• Local Food Marketing Panels at 2014 Empire Farm Days include 14-Year-Old Farmer, Chefs, Seasoned Growers, Food Buyers
    • USDA Invites Suggestions for the 2017 Census of Agriculture
    • New Publication: Pest Management for Sustainable Season Extension
    • Cornell’s RAPP Program Demonstrates Agricultural Plastics Recycling, at Aug. 5-7 Empire Farm Days
    • USDA Unveils New Centralized Online Resource to Support Next Generation of Farmers
    • Disaster Assistance for 2012 Frost or Freeze Fruit Crop Losses Announced
  • Berry Organization News
    • NASGA Summer Tour Is Filling Fast
    • Preview: 2015 North American Raspberry & Blackberry Conference
  • Focus on Food Safety
    • Focus on Food Safety Series: Part 3 – Craig Kahlke & Betsy Bihn
  • On the Organic Side…
    • USDA Organic Cost-Share Programs Funded
    • OSU calculator Helps Organic Farmers use Fertilizer More Efficiently
    • Is eOrganic for You?
    • National Soil Project
  • Money Talk
    • New Pilot Program Offers Coverage for Fruits and Vegetables, Organic and Diversified Farms
  • Focus on Pest Management
    • Spotted Wing Drosophila Update – Juliet Carroll
    • Know the Imposters in Spotted Wing Drosophila Monitoring Traps – Faruque Zaman
    • Controlling Raspberry Cane Borers – Mark Longstroth
  • Articles
    •  Leaf Analysis – Now is the Time – Marvin Pritts and Cathy Heidenreich

(Re-posted from: US Department of Labor Occupational Safety and Health Administration, May 22, 2014)

WATER. REST. SHADE. The work can't get done without them.

“Water. Rest. Shade.” and acclimatization are critical in preventing heat illness and fatalities

WASHINGTON – The U.S. Department of Labor’s Occupational Safety and Health Administration has announced the launch of its annual Campaign to Prevent Heat Illness in Outdoor Workers. For the fourth consecutive year, OSHA’s campaign aims to raise awareness and educate workers and employers about the dangers of working in hot weather and provide resources and guidance to address these hazards. Workers at particular risk are those in outdoor industries, such as agriculture, construction, landscaping and transportation.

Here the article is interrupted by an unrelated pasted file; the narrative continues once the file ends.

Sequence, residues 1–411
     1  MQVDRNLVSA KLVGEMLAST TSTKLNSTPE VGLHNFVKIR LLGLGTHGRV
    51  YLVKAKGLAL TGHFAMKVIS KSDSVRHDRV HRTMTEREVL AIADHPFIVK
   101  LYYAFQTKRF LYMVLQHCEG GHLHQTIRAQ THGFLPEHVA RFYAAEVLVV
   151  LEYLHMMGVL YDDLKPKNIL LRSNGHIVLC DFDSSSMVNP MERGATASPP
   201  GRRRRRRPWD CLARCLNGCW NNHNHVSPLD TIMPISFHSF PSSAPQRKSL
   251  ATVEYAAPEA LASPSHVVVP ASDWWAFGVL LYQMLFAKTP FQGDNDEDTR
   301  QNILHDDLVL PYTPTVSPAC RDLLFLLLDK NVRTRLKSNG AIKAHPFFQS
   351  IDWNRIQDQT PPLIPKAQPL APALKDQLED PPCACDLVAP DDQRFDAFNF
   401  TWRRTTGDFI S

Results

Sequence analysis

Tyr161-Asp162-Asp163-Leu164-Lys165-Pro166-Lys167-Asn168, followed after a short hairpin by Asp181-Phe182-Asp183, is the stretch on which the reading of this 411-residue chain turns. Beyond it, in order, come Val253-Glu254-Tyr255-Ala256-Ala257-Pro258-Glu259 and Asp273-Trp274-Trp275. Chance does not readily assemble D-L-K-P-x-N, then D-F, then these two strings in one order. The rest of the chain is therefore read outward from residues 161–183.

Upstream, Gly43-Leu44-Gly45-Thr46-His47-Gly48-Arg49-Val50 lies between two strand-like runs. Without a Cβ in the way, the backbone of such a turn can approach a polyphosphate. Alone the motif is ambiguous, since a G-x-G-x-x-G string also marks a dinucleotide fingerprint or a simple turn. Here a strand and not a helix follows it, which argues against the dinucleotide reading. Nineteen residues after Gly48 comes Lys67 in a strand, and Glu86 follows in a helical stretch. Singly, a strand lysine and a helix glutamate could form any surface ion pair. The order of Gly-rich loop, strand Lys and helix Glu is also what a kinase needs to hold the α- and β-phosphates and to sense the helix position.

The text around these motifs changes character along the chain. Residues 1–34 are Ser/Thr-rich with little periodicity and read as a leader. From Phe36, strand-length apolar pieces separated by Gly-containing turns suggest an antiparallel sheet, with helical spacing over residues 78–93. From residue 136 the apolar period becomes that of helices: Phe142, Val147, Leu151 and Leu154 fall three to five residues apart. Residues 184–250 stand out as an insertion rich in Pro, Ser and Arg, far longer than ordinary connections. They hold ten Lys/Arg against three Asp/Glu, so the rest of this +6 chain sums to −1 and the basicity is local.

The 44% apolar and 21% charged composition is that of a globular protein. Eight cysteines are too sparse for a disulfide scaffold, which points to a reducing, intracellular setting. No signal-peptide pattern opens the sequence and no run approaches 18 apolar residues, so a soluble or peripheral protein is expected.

“Heat-related illnesses can be fatal, and employers are responsible for keeping workers safe,” said U.S. Secretary of Labor Thomas E. Perez. “Employers can take a few easy steps to save lives, including scheduling frequent water breaks, providing shade and allowing ample time to rest.”

Thousands of employees become sick each year and many die from working in the heat. In 2012, there were 31 heat-related worker deaths and 4,120 heat-related worker illnesses. Labor-intensive activities in hot weather can raise body temperatures beyond the level that normally can be cooled by sweating. Heat illness initially may manifest as heat rash or heat cramps, but can quickly escalate to heat exhaustion and then heat stroke if simple preventative measures are not followed. Heat illness disproportionately affects those who have not built up a tolerance to heat (acclimatization), and it is especially dangerous for new and temporary workers.